Hewlett-Packard posted notice of a new patch for the HP 3000 late last month. While the repair covers only an obscure problem, the release indicates the vendor continues to test and post minor engineering for 3000 owners.
HP said it would not be creating this type of software for the HP 3000 starting this year. But MPENX21 was built in response to "an obscure security hole" which was reported by Allegro Consultants co-founder Stan Sieler some time ago. While he's not sure when he requested the fix, he has installed and tested the new code — which seems to be the only way to tell what HP has repaired.
HP released the code with a notice as vague as anything community veterans can recall.
That description will cover just about any security patch for MPE/iX. "Not only are there no specifics," Sieler reported, "but they seem to never tell the original submitter of security problems that their problem has been fixed."
MPENX21 was not built to plug a data security hole, a mission you might expect to benefit HP's remaining 3000 support customers. "It wasn't a hole I was particularly worried about, because it was extremely obscure, and led to a system abort, not to a data security breach," Sieler said.
Hewlett-Packard operated a complete and impressive patch service for 3000s during the 1990s, a period that support experts still recall well. Especially in comparison to the non-information and lack of notice to those who filed service requests (called SRs in the old parlance).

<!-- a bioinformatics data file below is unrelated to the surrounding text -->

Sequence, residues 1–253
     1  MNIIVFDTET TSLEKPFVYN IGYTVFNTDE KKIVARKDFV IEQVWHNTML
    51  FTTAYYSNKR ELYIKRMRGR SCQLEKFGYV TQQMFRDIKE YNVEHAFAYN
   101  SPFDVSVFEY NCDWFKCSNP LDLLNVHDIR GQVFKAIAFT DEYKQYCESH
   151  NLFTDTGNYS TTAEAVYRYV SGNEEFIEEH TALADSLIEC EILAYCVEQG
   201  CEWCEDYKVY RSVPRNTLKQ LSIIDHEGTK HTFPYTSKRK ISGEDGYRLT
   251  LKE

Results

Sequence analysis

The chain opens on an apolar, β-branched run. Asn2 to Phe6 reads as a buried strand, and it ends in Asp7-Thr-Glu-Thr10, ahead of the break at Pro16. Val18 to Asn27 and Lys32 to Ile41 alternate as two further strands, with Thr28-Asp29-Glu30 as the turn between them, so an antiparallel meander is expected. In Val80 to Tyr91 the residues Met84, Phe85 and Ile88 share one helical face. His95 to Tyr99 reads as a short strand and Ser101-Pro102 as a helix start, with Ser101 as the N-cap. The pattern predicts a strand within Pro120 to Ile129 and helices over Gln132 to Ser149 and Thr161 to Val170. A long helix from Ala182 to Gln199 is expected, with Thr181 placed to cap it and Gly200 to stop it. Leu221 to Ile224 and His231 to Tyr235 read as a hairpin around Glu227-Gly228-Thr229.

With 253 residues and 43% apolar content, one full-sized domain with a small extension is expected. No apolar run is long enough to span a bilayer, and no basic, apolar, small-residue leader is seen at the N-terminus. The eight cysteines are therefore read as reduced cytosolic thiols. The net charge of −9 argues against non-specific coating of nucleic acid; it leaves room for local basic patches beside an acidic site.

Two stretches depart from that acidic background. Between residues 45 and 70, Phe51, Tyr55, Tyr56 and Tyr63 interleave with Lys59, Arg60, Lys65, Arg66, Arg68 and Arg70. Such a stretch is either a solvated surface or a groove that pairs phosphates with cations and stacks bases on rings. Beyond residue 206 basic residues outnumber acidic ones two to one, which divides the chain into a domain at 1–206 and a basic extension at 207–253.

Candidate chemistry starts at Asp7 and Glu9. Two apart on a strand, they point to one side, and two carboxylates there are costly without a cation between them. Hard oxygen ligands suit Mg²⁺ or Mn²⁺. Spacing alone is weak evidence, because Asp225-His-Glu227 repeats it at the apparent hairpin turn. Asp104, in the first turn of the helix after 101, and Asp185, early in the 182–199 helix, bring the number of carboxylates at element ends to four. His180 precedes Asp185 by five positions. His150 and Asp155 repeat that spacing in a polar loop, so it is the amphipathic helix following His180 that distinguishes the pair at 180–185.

The company's old Software Status Bulletins gave 3000 owners a way to match Known Problem Reports against a list of what the vendor had fixed. This was so long ago the SSB was a thick document issued in print. HP-UX support still can count on Response Center support engineers who who want to get to the root of some bugs which cause system hangs. They follow up, but requests still descend into a cubbyhole where HP decides whether to repair the bugs. System managers report they must notice on their own that a patch sounds like a problem they've reported.
The open source software model doesn't offer vendor-based support such as this, but the level of open source service seems only a little behind what's on offer today. One developer says that all he needs for open source support is a critical mass of people running the software, investigating problems and maybe correcting them, and posting some of the repairs in a manner that can be searched via the Web.
Searching "MPENX21" doesn't yield any Google hits which relate the HP 3000. This is the best reason of all to have a support company backing up your HP 3000 operations. HP has pared back its notifications about operating system repairs.